rod_sep at ANTDIV.GOV.AU
Tue Mar 17 06:57:14 CST 1998
In response to Richard Zander's comments:
I agree with you that it is not possible to study the local picture without
having a global perspective.
There are not too many beasts (plant or animal) that have an entirely local
distribution - local species perhaps, but there are very few local genera.
As a negative to this, however, let me put one side of the story from a
southern hemisphere and, perhaps, insular perspective.
For several centuries the southern continents have suffered - yes, I think
that is the correct word - from marauding northern hemisphere collectors.
As a result, the floras, faunas, fossil assemblages, have been creamed or
As a result of, at times, unscrupulous collectors and collecting, people
down in the southern hemisphere have become a little testy towards foreign
In many instances, Holotypes are now (and still) being lodged in northern
hemisphere collections. At least in Australia, this is in breach of the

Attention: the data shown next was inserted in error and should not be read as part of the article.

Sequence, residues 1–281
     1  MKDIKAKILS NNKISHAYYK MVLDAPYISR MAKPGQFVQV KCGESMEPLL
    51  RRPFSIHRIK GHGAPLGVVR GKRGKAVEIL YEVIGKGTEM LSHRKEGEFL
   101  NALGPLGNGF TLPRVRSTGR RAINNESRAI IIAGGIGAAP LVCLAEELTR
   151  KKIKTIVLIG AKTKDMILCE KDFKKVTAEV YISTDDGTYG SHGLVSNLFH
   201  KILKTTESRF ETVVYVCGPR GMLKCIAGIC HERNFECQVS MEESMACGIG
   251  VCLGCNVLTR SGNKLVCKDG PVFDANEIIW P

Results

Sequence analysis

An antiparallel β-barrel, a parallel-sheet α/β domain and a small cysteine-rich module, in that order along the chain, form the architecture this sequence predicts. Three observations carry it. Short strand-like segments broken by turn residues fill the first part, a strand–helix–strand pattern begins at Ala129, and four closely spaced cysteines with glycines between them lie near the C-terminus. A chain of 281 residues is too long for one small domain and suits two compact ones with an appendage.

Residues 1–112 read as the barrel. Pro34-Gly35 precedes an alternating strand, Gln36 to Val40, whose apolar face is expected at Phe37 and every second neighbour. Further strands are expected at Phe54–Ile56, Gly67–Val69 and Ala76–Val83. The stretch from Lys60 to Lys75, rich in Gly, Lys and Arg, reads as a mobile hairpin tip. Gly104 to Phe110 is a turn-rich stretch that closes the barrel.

law, but that does not seem to deter the practise. In recent times we have
had several huge raids on our bryoflora, on our fossil fauna deposits, our
lichen flora, groups of fungi - and there have probably been other
collections I do not know about.
Quite understandably and reasonably, researchers in the countries towards
which these raids are directed, have become just a little annoyed at the
practise. There seems to be little attempt to carry out the work
collaboratively. If this were done, it may go a long way to allaying the
problems caused by such collecting visits - often these are unannounced as
Perhaps researchers in the northern hemisphere have flogged their regional
biota to death.
If we had the numbers and carried out equivalent "raids" on the northern
hemisphere perhaps some people may see the light and rationalise their
approach to making such collections.
So, while I can see the need to focus locally to appease the grant seeking
agencies, I also see the need for a broader approach - or at least a
broader understanding of the problems being researched.
But, I do ask for a little thought to be given first, by prospective
collectors, to the potential impacts of their actions on international
Let this stir the pot!!
Dr. Rodney D. Seppelt
Principal Research Scientist
Australian Antarctic Division
Kingston 7050, Tasmania, Australia
phone: International: +61 (03) 62 323 438
FAX : +61 (03) 62 323 449
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